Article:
In 1908, Ferrocarriles Nacionales de Mexico ("Ferrocarriles"), a publicly owned Mexican corporation which owns and operates Mexico's railroads, took over National. Through this transaction, Ferrocarriles assumed all of National's liabilities and ownership of National's property, including the U.S. collateral securing the bonds.
National defaulted on interest payments on the bonds in 1914. In 1942, Mexico issued a decree ("the Registration Decree") requiring holders of certain Mexican securities, including the Prior Lien Bonds and Consolidated Mortgage Bonds, to register their bonds to establish non-enemy ownership. In 1951, Mexico promulgated the "Law on the Fate of Enemy Bonds" under which Mexico acquired ownership of all unregistered bonds.
Approximately 96 % of the issued and outstanding Prior Lien and Consolidated Mortgage Bonds were registered under the Registration Decree. Plaintiffs' bonds were never registered. Pursuant to a 1946 Debt Readjustment Agreement with the International Committee of Bankers on Mexico and through open market purchases from bondholders, Mexico had by November 1982 acquired all Prior Lien and Consolidated Mortgage Bonds registered under the Registration Decree. Plaintiffs allege that bonds redeemed by Mexico pursuant to the Debt Readjustment Agreement were to have been retired by January 1, 1975.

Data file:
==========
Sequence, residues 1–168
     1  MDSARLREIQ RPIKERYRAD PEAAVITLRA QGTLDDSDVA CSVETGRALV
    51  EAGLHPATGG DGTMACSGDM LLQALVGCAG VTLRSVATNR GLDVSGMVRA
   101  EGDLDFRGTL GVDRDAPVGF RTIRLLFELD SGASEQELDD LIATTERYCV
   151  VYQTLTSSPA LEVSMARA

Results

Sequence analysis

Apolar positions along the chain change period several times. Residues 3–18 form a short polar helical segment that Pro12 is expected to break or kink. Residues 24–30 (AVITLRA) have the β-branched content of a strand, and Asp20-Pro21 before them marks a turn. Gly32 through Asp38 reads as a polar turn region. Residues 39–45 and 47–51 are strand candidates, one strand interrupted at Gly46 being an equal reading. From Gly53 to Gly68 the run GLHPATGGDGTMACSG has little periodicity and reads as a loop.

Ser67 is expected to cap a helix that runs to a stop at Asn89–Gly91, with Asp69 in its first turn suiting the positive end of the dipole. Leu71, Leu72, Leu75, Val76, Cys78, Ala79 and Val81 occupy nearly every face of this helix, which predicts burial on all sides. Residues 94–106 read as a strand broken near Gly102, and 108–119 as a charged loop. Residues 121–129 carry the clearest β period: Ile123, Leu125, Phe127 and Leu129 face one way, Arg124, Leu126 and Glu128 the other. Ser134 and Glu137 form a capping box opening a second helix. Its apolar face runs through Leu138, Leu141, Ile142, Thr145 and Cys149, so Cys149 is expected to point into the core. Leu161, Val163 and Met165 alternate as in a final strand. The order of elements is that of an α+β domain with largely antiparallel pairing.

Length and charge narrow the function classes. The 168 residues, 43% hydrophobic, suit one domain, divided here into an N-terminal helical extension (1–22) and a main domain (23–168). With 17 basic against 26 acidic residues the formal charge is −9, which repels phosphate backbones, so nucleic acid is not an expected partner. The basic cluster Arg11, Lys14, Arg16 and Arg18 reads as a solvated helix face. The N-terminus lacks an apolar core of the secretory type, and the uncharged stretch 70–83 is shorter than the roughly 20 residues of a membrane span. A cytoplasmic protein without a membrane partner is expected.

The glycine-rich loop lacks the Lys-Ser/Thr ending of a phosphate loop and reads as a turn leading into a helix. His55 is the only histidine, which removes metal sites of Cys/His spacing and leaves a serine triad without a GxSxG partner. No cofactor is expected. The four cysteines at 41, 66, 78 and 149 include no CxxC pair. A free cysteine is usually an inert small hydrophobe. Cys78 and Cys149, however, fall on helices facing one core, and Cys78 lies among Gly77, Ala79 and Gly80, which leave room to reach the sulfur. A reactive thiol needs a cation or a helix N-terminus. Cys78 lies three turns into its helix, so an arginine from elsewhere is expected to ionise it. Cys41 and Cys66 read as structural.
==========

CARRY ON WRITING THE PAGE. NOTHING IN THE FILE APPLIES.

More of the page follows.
Between 1942 and 1981, MHT, as indenture trustee, made numerous distributions of accrued and unpaid interest to holders of Prior Lien Bonds. Despite the Law on the Fate of Enemy Bonds, MHT treated the holders of unregistered bonds as legal owners of the bonds entitled to receive distributions. In addition, MHT treated Mexico as the owner of the approximately 96 % of the bonds it had acquired, notwithstanding plaintiffs' objections that Mexico was not entitled to receive distributions as a bondholder in view of the Debt Readjustment Agreement.
Mexico, acting pursuant to Article Four, Section Five of the Prior Lien Trust Indenture, instructed MHT to foreclose the Prior Lien Mortgage and to sell the U.S. collateral at a public auction on November 2, 1982. Following appraisal of the U.S. collateral, an upset price of $31 million was determined. The public auction and the upset price were publicized in a notice of sale dated August 10, 1982. At the auction, Mexrail, Inc., the sole bidder, purchased the U.S. collateral for the upset price. The sale was consummated on November 29, 1982. In December 1982, MHT published and mailed to known bondholders a notice stating that it would distribute $1,355 of accrued and unpaid interest from the proceeds of the sale of U.S. collateral on each $1,000 Prior Lien Bond presented.
In March 1983, plaintiffs instituted an action in Supreme court, New York County, alleging that MHT breached its fiduciary responsibilities in its administration of the indenture trust. Beck v. Manufacturers Hanover Trust Co., No. 12896/83 ("Beck I"). Plaintiffs later instituted a second lawsuit in New York alleging that MHT breached its fiduciary responsibilities ...